I n last year, ToroRosso fought for space with Force India and Sauber six in the constructors' championship. This season, ToroRosso is not fighting anyone. The racing team from Faenza is experiencing a season like Williams 2011. The 290-man squad bobs around in ninth place. With a respectable distance to midfield, but a safe distance to Caterham. There were World Championship counters only in the first two Grand Prix. ToroRosso has had six points since the Malaysia GP. Since then, Daniel Ricciardo's eleventh place in Valencia has been the best result.
$ 25,000 fine for mindless action
It's not because of the stability. Daniel Ricciardo and Jean-Eric Vergne are regular visitors. They only had to give up prematurely twice. Ricciardo in Monte Carlo with a steering defect, Vergne in Valencia after a stupid attack on Heikki Kovalainen. The FIA grunted the Frenchman ten starting places and a fine of 25,000 dollars for his mindless action. In total, ToroRosso ranks fourth with 6,415 racing kilometers. That is impressive.
The car is simply too slow
Preparing the There is nothing wrong with cars. You are simply too slow. Or the two young drivers are unable to access the car's potential or precisely identify its weak points. Voices are already being heard that it would have been better to keep at least one of the two drivers from last year. As a reference point for the engineers and benchmark for the new driver in the team. Team advisor Helmut Marko weighs in: 'It's not up to the pilots. When it rains, they're quick. That shows us that they're stepping on the gas. The engineers went in the wrong direction with exhaust development.'
Bad traction is the main problem
In fact, the biggest problem with the ToroRosso STR7 is its bad traction. 'Fast corners are fairly easy,' confirms Ricciardo. The Australian took on 12th and 11th place on the grid at Silverstone and Hockenheim. Only in the race is not much going on. The ToroRosso pilots are stuck between 12th and 17th every time. Attempts to use an alternative strategy to get them out of the trap have mostly failed. As in Monte Carlo, as Vergnewas in seventh place shortly before the end. When the Frenchman lost too much time in the drizzle with his worn tires, ToroRosso played poker with intermediates. Unfortunately, the rain stopped again.
Too aggressive one, too cautious the other
At the beginning of the season things looked pretty good in the ToroRosso camp. Ricciardo put his car in sixth place on the grid in Bahrain. 'Because everything finally came together,' says Marko, explaining the positive outlier. Unfortunately, the Australian squandered his chances with a bad starting lap. 'He has to be even more aggressive,' said the team. Vergne is too aggressive for that. The engineers told him several times that he should take it a little easier in qualifying because that is good for the tires. Vergne regularly receives the receipt for his wild driving style. He already fell through the rust five times in Q1. With an average starting position of 16.82, he is in 18th place, far behind 17th Bruno Senna with 13.82 and teammate Ricciardo with 13.62.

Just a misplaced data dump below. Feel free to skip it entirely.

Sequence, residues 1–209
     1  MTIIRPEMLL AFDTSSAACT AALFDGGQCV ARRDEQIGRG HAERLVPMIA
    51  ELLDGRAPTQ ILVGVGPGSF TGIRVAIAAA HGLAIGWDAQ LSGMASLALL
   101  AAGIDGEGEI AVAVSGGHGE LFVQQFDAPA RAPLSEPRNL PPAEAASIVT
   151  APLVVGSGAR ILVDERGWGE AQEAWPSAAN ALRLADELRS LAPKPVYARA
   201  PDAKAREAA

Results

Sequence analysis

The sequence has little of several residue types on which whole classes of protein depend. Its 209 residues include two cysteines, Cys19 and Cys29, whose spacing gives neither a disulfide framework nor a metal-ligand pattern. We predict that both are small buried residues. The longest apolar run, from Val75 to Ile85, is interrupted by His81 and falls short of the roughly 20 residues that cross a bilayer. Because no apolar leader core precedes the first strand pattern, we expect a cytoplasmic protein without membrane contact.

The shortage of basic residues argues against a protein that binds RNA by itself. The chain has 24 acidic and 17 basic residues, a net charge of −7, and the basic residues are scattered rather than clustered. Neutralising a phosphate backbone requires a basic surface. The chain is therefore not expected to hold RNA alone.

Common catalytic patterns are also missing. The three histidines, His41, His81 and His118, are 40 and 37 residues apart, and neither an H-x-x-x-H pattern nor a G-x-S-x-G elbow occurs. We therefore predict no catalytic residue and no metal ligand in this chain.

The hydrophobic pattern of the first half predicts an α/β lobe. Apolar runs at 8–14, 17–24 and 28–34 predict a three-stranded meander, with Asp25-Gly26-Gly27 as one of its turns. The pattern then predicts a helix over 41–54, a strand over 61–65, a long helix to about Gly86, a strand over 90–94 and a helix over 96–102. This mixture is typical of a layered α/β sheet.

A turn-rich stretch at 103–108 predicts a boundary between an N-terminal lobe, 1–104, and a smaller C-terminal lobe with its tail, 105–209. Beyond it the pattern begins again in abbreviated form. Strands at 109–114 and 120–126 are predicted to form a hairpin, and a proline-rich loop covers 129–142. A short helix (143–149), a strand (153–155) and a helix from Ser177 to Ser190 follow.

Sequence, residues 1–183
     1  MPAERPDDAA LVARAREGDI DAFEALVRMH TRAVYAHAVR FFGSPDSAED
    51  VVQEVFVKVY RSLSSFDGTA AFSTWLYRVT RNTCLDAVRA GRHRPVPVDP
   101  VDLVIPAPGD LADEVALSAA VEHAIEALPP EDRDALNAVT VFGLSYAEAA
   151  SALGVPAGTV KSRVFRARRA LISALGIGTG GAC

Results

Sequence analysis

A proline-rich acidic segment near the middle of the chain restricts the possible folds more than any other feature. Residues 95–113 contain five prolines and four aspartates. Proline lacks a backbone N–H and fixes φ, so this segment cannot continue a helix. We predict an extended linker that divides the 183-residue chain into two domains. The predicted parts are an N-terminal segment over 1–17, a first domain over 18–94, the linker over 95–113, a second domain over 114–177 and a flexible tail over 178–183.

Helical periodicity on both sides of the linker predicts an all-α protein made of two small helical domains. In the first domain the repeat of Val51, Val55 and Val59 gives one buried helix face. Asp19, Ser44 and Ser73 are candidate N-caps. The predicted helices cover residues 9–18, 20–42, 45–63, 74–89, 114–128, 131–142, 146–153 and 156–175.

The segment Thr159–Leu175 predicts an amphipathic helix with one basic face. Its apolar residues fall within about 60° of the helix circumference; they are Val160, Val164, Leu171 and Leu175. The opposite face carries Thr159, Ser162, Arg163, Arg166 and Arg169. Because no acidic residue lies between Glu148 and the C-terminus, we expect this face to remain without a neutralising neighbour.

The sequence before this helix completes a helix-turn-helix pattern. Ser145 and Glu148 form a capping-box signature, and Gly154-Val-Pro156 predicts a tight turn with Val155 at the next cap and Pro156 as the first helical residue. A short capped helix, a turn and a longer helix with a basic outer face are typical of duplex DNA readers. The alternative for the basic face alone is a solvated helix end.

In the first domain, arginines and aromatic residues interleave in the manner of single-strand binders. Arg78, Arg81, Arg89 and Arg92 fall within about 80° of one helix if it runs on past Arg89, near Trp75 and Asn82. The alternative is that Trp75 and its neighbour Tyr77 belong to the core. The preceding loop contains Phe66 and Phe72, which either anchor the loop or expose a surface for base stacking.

Originally the exhaust was at engine height in the transition to the airbox and was cleverly blown onto the lower rear wing element by the nearby front wishbone of the rear axle. ToroRosso took advantage of a loophole in the regulations. The fairing may be opened within a radius of 25,000 square millimeters of the exhaust and 12,000 in the vicinity of the wishbones of the rear axle. ToroRosso placed the exhaust near the wishbones and was allowed to add the areas. This resulted in an air outlet of 37,000 square millimeters at a point where this would actually be forbidden.
James Key may be the new chief technology officer at ToroRosso
Later the ToroRosso Technicians switched to a Coanda shaft in the outer area of the side pods. Lotus, Williams and Mercedes show that the old solution need not necessarily have been wrong. They still blow the exhaust gases inwards onto the lower wing in the rear. Team boss Franz Tost demands more downforce, because that solves many problems by themselves. You hear that the correlation between wind tunnel and racetrack is not always right. Technical director Giorgio Ascanelli was on leave before the GP Germany. There were differences to the racing strategy and technical development of the car. A successor has not yet been determined, but there are many indications that ex-clean engineer James Key could end up in Faenza. The biggest obstacle is likely to be the location. Key was not at home in Switzerland.
World Cup position: 9 (Vergne P17, Ricciardo P18)
World Cup points: 6
Pole positions: 0
Fastest race lap: 0
Points placements: 2
Race kilometers: 6414.8 km (P4)
Leading kilometers: 0
Arrivals /failures : 20/2